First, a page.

Persistent bloating - Bloating is the blight of lots of women's lives. If it happens persistently please have a check up.

Some of these symptoms may seem embarrassing or silly. Don't ever feel embarrassed to see your doctor - they have seen it all and do not judge. Don't ever feel like you're bothering your doctor or wasting a time slot - if you have a concern or symptom, they are there to listen, to check and to reassure. If you are worried or think you may need to see a doctor then please don't deliberate, make the appointment as soon as you can. Early diagnosis saves lives. It also puts your mind at rest if nothing is actually wrong with you.

Cancer Screening
Certain cancer types have screening tests in place to detect the disease in the early stages:

Breast Cancer - Mammograms
What is a Mammogram?
A mammogram is an x-ray of breast tissue and is used to identify early breast cancer. You have to remove all clothing on your upper body, including your bra to have a mammogram and are positioned so that both breasts are x-rayed individually. This means your breasts are gently squashed with a clear, flat plastic plate. This means you can get a clear picture whilst having a minimal amount of radiation. It can be uncomfortable but it doesn’t take very long. Most radiographers aim for two mammograms, at different angles, for both breasts.

A new technique is currently being introduced. This is known as digital mammogram and this uses computer imaging. This new technique has been shown to be better at picking up breast cancer in younger women and those with denser breast tissue.

Some Important Facts about Mammograms:
*Mammograms do not prevent cancer but they can discover a cancer that has already developed.
*Mammograms can be uncomfortable but this does not usually last long. Some women may be a little sore afterwards
*Mammograms involve x-rays which mean you will be exposed to a small amount of radiation, although it is not likely to be a harmful amount and as you only need a mammogram every three years it is unlikely to have a large effect in the long run.
*Can sometimes produce false positives which can cause a huge amount of unnecessary worry. Sometimes mammograms pick up on an abnormal area in the breast which later proves to be non cancerous.
*Occasionally mammograms need to be repeated due to blurry images, equipment failure or parts of the breast being missed by the original images.
*Mammograms are the most effective way of detecting early breast cancer but it is not 100% accurate at all times. Sometimes cancers are too small to be detected on a mammogram or the person reading it may miss a cancer, although this risk is reduced by having at least two people check the mammogram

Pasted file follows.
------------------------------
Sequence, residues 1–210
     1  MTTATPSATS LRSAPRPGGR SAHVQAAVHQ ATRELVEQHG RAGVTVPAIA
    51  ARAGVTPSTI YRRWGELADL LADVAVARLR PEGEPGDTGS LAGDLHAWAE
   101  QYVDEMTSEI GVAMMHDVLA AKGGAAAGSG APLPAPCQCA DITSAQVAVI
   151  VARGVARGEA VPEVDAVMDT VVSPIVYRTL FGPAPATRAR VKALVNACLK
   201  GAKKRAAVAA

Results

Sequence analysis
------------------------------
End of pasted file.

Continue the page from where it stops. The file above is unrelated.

*Women taking part of the programme may still develop breast cancer between mammograms. This is called interval cancer and the patient will have a mammogram done at the time of diagnosis so it can be compared to previous ones to notice any patterns. It is important to note that cure rates for women with interval cancer are a lot better then those for women that have never had screening.

Cervical Cancer – Smear Tests
Smear Tests:
It is hugely important to have cervical screening as preventing cervical cancer from developing is vital. Cervical cancer is actually one of the only cancers that is preventable because if pre cancerous cells are detected through screening then they can be treated before they have a chance to become cancerous.
Women between the ages of twenty five and sixty are encouraged to have smear tests every three to five years to detect any changing cells in their cervix. During a smear test, a doctor or nurse will insert a speculum into your vagina and scrape anyway a sample of cells from your cervix. These cells are then placed into a small pot of liquid and send to be analysed. You will then be contacted with your results and any abnormal smears will require further investigation.

You don’t have to be over the age of twenty five to develop cervical cancer; some younger women do develop it as well. However, in the UK, smear tests are not encouraged until twenty five because your cervix is still developing in your teens and early twenties. This means the likelihood of you getting an abnormal result is more common but usually nothing to worry about. After Jade Goody’s horrifically young death, a campaign was launched to lower the smear test age limit but medical professionals do not agree with this. If you are under twenty five and are concerned about your cervical cancer risk – please do speak to your GP and get some advice. A private gynaecologist may allow you to have a smear test but it would depend on your individual circumstances.


It is also important to note that an abnormal smear result does not mean you have cervical cancer. If you are contacted and told your test was abnormal then please do not ignore it, go and see what your doctors have to say.

I’m approaching my twenty third birthday so I am not entitled to smear tests yet. I’ve heard horror stories about them and I am slightly worried about them. However, I will be forcing myself to attend my smear tests appointment when they are available to me. If I do develop pre cancerous cells – I will be finding them and I will be stopping them from developing.

Points to Consider:
You can have a smear test at several different places:
* Your GP’s surgery should offer them
* A family planning clinic
* A genito-urinary clinic
* An antenatal clinic
* A private health clinic
* Marie Stopes

You are well within your rights to request a female doctor or nurse performs your test but any male doctors will be chaperoned by a female staff member anyway. It is important to state if you require a female at the time of booking your appointment. 

A smear test should be scheduled whilst you are in the middle of your menstrual cycle (between periods) as it will be very difficult to see your cervix and get a cell sample whilst you are bleeding.

Age Limits:
There are varying age limits for women in the four nations of the UK.